Guam Navy commands welcome new chiefs to the mess
SANTA RITA, Guam (Sept. 17, 2014) – Twenty-eight Sailors on Guam assumed the new role and responsibility of a chief petty officer (CPO) after receiving their anchors and covers during a pinning ceremony at The Big Screen theater on U.S. Naval Base Guam (NBG) Sept. 16.
Chief selects from Joint Region Marianas; NBG; Coastal Riverine Group (CRG) 1 Det. Guam; Naval Special Warfare Unit 1; Explosive Ordnance Disposal Mobile Unit 5; Naval Computer and Telecommunications Station Guam; Naval Mobile Construction Battalion 133; Commander, Submarine Squadron 15; Navy Munitions Command East Asia Division Guam; USS Frank Cable (AS 40); U.S. Naval Hospital Guam; and Naval Supply Systems Command Fleet Logistics Center Yokosuka Site Marianas were piped aboard and welcomed into the Chiefs Mess.
“It’s a time-honored tradition,” said NBG Command Master Chief (SW) Johannes Gonzalez, who was the keynote speaker. “It’s always a new experience because you see the new blood coming into the mess and it’s simply motivating. It awakes you. It makes you want to go out there and continue to do great things for our Navy.”
Chief Yeoman (SW/AW/EXW) Shawn Alvarez, JRM, said the occasion was a highlight of his Navy career as he received his anchors from his children.
“Becoming a chief is a great honor,” he said. “I couldn’t be more humbled and appreciative of this opportunity that I’ve been given. My hope as chief is to have a positive impact on a junior Sailor’s career to make them want to strive to be a chief as the greatest reward as a chief is to watch the development and accomplishments of your junior Sailors.”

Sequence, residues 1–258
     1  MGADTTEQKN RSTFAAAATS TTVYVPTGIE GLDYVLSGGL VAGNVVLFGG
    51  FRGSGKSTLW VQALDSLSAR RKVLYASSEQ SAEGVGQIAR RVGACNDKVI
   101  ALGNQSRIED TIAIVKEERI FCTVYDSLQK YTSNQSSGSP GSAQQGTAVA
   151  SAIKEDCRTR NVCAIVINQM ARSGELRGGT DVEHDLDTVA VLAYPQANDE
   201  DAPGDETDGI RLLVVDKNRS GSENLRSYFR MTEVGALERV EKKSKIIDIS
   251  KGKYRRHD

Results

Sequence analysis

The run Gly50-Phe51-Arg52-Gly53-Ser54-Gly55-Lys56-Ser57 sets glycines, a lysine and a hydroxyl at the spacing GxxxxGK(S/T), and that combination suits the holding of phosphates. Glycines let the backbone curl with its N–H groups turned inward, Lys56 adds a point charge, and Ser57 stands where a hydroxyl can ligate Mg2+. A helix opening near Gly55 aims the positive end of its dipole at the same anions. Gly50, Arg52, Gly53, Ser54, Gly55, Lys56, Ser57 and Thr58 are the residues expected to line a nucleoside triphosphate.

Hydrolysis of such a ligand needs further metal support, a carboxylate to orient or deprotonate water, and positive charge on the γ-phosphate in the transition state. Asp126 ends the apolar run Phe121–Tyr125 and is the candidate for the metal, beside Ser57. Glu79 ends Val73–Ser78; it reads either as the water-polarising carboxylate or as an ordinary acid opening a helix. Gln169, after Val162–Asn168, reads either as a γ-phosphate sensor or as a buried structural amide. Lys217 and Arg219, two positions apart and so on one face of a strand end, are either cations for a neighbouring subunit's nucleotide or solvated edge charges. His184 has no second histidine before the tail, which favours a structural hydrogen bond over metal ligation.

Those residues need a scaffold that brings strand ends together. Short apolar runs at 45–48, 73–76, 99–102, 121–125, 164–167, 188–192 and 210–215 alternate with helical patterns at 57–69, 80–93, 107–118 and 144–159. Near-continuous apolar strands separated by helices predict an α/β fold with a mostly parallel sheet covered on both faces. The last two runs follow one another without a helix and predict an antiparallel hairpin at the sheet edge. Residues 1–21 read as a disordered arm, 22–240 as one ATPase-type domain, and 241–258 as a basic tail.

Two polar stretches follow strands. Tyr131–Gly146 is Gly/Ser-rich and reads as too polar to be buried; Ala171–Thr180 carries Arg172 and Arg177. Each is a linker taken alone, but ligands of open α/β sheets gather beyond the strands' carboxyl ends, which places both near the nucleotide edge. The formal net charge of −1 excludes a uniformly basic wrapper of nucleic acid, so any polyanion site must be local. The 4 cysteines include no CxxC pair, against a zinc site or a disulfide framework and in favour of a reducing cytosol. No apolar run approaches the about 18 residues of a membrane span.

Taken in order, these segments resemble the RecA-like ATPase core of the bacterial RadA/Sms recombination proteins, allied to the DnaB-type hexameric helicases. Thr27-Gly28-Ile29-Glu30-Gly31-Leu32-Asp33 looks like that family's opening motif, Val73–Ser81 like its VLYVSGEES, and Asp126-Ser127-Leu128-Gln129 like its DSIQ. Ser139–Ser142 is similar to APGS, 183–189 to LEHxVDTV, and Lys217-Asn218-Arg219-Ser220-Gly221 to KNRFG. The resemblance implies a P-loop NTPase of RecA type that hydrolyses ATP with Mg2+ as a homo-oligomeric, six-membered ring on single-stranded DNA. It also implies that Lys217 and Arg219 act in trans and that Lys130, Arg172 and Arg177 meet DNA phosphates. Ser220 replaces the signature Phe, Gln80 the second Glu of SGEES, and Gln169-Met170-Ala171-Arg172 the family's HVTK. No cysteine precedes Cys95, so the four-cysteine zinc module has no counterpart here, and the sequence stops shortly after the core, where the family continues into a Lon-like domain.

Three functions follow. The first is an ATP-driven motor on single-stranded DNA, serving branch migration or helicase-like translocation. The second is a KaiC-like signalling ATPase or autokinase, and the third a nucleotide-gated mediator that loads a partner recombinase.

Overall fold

Chief Cryptologic Technician (Networks) Lisa Uilani Vita, CRG-1 Det. Guam, was the only female who received her anchors during the ceremony. Vita said she was honored to stand alongside her fellow chiefs with whom she developed and shared a bond during initiation.
“Me and my brothers, we have a bond that won’t ever go away,” she said. “We rely on each other every day and you don’t build that overnight. It took six weeks but I can call them for anything. Most of the time I don’t realize I am the only female but they treat me just like they would each other.”
As dozens of family members, friends and colleagues congratulated each new CPO, Vita said she was moved as a seaman approached her and said Vita was her inspiration.
“I think for every first class (petty officer) their dream is to become a chief,” she said. “It’s moments like that, that remind you of when you were coming up and your goals of what you want to become. It’s definitely an honor and I love every bit of it.”
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